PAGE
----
Why would anyone traffic a child out of a place where you had to fly them out? It would be easy to go to one of the many countires w/ street children where you can walk across the boarder with them.

26 01 2010
Keri Bullock

With all due respect & empathy regarding the incidents that are probably legitimately behind your anger, I’d avoid dishing out labels such as “hellhole”. The situation is definitely unfair & certain legal requirements seem “wrong” at times like this. But I recommend considering the way labels such as “hellhole” could be interpreted as derogatory to the country of Haiti & its citizens, especially if it is the birth country of some children you intend to adopt. parent, raise & teach. I assume you’ve invested a ton of time, energy & money in the lives of certain Haitian children. On the one hand you deserve to call them “our” children, nearly insinuating they’ve always belonged to you. On the other hand, like it or not, the children were born as citizens of Haiti, that is still their homeland & it will forever be the country of their roots. Some of the parentless, homeless children who live in Haitian orphanages have had their lives preserved due to certain devoted Haitian citizens as their caretakers, who surely qualify as being among the most unselfish, miraculous, humanitarian people in all the world. I doubt there are any orphange workers (Haitian, American, you name it) who don’t support nixing the red-tape in order to expedite transportation & finalize the adoptions of children who’ve already been placed with & loved by US parents. But protection from crime upon the children is is a mandatory factor to balance. Bottom line, expression of anger in the form of derogatory lables have potential to ihibit the complicated negotiation process & stiffen the minds of officials who need to be persuaded to make realistic accommodations for the children to receive the good homes & families they deserve.

26 01 2010
Ashley Jackson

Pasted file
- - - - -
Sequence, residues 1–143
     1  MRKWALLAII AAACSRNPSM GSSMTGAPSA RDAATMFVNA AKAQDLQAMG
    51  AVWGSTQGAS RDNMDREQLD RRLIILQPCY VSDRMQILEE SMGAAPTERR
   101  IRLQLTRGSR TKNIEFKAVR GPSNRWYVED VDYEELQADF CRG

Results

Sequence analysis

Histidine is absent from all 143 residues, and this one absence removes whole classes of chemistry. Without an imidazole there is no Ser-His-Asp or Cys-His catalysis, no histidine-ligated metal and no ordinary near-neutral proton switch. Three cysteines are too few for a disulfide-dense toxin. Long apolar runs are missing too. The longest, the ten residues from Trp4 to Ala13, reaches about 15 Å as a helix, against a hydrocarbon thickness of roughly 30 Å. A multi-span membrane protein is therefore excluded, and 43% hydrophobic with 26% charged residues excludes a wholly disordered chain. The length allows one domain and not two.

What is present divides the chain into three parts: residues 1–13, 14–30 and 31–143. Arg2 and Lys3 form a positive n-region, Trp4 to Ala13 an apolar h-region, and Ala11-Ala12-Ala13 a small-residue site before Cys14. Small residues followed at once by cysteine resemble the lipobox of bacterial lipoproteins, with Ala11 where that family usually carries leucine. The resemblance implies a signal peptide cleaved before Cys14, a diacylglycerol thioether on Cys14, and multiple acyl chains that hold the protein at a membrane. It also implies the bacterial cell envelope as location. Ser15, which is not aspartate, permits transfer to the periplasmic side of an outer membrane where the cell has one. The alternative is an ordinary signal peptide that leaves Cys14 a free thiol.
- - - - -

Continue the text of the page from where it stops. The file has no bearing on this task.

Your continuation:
My husband and I have always wanted to adopt and thought it was something that would be far off in our future, however, God has made it very clear to us over the last week that His timing is different from ours. I am very new to all of the adoption lingo as well as the process, but feel as if this “red tape,” that everyone is talking about is not what is best for those children that were in the orphanages without families who had already adopted them, but that were indeed orphans. I wish that the Haitian government would allow those children who are truly orphans to be sent to the US to be placed in foster care until they are able to get the paper work completed for those children to then be officially adopted. We are in Florida and have heard of a few organizations here that are thinking something of that nature may take place in the near future, (which we have already done all of the paper work in case it does happen), but have heard that if it does then those children that we would potentially “foster/be a safe family for” would then have to go back to Haiti before they would be able to be adopted. My husband and I are very frustrated by this, and feel that it would be so hard on the child for them to come to the US live in our home and get to know this place (US), which to them will be a fantasy land compared to what they are used to, and then have to go back to Haiti just so we could then go through the “official” adoption process. Why not bring the true orphans here, let the families that are potential adoptive families keep them as foster kids, until the Haitian government (as well as the families) are able to complete the adoption process. In the meantime the child is will be here in a safe place where they are guaranteed food, clean water and a loving family. Also I am praying that the fees of adopting a Haitian child will not be as high as they were prior to the earthquake. Please tell me if I am wrong, but I have heard that prior they were anywhere from 20,000-30,000 bucks! Like I said I am new to all of this, but it seem outrageous of a price, especially considering the number of orphans that there will be after this disaster. Does anyone know anything about that yet? Also does anyone know of ways you can get assistance with the cost. As I said earlier, this was something that we thought would be far off in our future, so we currently (as most people) don’t have 30,000 bucks just lying around to pay for an adoption, however, we do have a loving heart and a great longing to adopt one of these precious gifts from God!!!! Any thoughts?